Time for the State to step in before it is too late

The current COVID-19 contagion is all over the news – the radio is full of helpful advice on social distancing and avoiding public gatherings and pubs. Yet while these measures are doubtlessly beneficial, they have little chance of reducing the infection rate sufficiently on their own. The Chinese response to the crisis was to limit travel and the data indicates that this reduced the infection rate from 2.35 new infections per person infected to 1.05.

Early dynamics of transmission and control of COVID-19: a mathematical modelling study

A 2+ infection rate will likely result in around 60% of the population catching the virus in somewhere between 14 days and 42 days. With the current predictions on death rates, we’re likely to see between 10.000 and 200.000 deaths in Ireland directly from the virus. We’ll probably find ourselves on the higher end of this range, compounded by another problem – a fast growth in infections will grind hospitals to a complete halt. To keep the number below 1% chance of death hospitals need to be fully equipped and with plenty of staff for the number of patients. Otherwise the numbers can be worse than 5% as they currently are in Italy.

Ireland has one of the lowest number of ICU beds per 100.000 people in all of Europe. It’s nearly at half the EU average. This means that under duress we will see the hospitals at greater than 100% capacity in mere weeks. After this occurs, all sorts of diseases and injuries which occur in the normal course of events will go from being curable to deadly. In the next eight weeks you’d do well not to get appendicitis. This could easily cause the death toll from the first wave of the virus to exceed 200.000 deaths in Ireland and threaten to kill a much wider demographic than the virus itself. The question needs to be considered less in terms of how many people will eventually get the virus, but how much we can slow the spread to avoid healthcare collapse.

The variability of critical care bed numbers in Europe

To compound Ireland’s problems, the UK Tory government has undertaken a policy which hopes to intentionally infect the majority of the population based on some pseudo-scientific fantasy that somehow we’ll get herd immunity by all being infected. Herd-immunity is a function of vaccines which mean you can be protected from transmission. It makes absolutely no sense in this context and has been roundly panned by health professionals all over the world. The cost to the UK population will be immense and the irresponsibility and callousness of the decision will threaten the stability of the state. However, with the UK population almost completely infected, Ireland is also in serious danger from this short-sighted policy due to proximity and the open borders between the two countries. There is some sign of the Tories backing away from this policy, but a slow backing away is not enough.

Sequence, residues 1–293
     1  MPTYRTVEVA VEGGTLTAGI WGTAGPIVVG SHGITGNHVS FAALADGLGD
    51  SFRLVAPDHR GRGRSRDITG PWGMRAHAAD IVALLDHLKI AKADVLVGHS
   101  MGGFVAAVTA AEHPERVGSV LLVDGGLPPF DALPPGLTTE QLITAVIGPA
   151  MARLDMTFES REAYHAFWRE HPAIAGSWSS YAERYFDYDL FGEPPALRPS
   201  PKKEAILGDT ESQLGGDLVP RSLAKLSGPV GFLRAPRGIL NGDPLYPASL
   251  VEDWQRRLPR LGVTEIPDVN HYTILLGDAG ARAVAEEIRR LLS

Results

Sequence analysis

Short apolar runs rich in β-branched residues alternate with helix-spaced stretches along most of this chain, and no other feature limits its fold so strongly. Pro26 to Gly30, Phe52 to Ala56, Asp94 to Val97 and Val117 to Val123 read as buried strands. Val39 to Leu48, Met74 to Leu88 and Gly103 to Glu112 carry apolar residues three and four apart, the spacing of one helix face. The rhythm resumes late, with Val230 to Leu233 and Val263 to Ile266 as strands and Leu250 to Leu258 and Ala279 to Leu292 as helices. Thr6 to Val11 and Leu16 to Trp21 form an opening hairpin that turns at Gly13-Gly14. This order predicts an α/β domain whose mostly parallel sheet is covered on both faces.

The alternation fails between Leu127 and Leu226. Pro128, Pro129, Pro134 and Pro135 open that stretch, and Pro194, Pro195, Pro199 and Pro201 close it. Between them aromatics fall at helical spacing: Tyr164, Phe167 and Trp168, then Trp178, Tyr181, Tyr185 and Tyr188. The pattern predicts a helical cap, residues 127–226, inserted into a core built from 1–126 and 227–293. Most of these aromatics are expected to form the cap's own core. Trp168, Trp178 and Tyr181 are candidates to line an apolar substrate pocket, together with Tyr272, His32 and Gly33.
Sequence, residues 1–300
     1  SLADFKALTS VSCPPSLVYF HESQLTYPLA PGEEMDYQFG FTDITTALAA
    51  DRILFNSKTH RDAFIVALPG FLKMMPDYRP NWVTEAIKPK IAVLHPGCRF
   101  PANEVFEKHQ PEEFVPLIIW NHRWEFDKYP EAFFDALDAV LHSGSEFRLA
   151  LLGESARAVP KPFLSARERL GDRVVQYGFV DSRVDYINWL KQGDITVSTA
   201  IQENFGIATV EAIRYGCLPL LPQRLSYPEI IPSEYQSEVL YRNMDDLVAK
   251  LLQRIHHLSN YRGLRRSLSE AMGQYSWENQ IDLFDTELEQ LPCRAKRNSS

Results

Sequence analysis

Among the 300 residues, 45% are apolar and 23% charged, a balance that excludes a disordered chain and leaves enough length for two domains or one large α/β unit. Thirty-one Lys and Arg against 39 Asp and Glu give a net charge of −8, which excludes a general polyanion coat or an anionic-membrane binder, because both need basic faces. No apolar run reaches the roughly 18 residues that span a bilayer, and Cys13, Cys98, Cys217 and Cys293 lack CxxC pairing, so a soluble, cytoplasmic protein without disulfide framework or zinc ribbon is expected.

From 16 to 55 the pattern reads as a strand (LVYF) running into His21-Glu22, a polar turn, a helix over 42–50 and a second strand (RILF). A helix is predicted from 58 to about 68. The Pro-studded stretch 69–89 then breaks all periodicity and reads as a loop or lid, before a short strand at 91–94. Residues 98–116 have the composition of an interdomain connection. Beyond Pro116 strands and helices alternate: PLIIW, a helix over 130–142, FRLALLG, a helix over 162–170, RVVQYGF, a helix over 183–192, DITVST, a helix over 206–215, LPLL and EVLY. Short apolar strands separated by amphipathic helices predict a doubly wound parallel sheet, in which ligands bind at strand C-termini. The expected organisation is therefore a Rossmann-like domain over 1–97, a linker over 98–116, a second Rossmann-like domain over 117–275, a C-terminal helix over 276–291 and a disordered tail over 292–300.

How can we avoid the worst case crisis situation and try to bring cases of the virus down within hospital capacity? Here China shows the way. It’s likely only possible with a border closure and restrictions on travel. This means that all transit which is not related to supply chain or critical services should be stopped immediately between Ireland and other countries. The government needs to set up an immediate coordinating body which would allow health practitioners to make further restrictions on internal travel in Ireland based on areas of infection and their best guesses at how to curtail fast expansion. 

We also immediately need a deal with Northern Ireland and the UK to block transit to the entire island of Ireland as it is very difficult to stop movement between north and south. There is some precedent here as such a deal was made with respect to cattle during the foot-and-mouth crisis that put the borders in the Irish Sea. 

In addition to the recommendations on curtailing public gatherings, we also need hard policies which shut down pubs, restaurants and other such areas which prove to be effective transmission sites. This will cause serious economic dislocation and so the state will have to take measures to deal with the inevitable fallout. We should also follow the Chinese model of extensive contact testing, public information campaigns and a range of measures tailored to the local circumstances. The World Health Organisation assessment of the Chinese approach was as follows: 

“In the face of a previously unknown virus, China has rolled out perhaps the most ambitious, agile and aggressive disease containment effort in history. The strategy that underpinned this containment effort was initially a national approach that promoted universal temperature monitoring, masking, and hand washing. However, as the outbreak evolved, and knowledge was gained, a science and risk-based approach was taken to tailor implementation. Specific containment measures were adjusted to the provincial, county and even community context, the capacity of the setting, and the nature of novel coronavirus transmission there.”

The situation requires urgent action. We have literally days to avoid an explosion of cases which will prove much more difficult to contain and which will potentially collapse the health service. We have grown accustomed to very free travel in Europe, but this will have to change to save ourselves from thousands of avoidable deaths.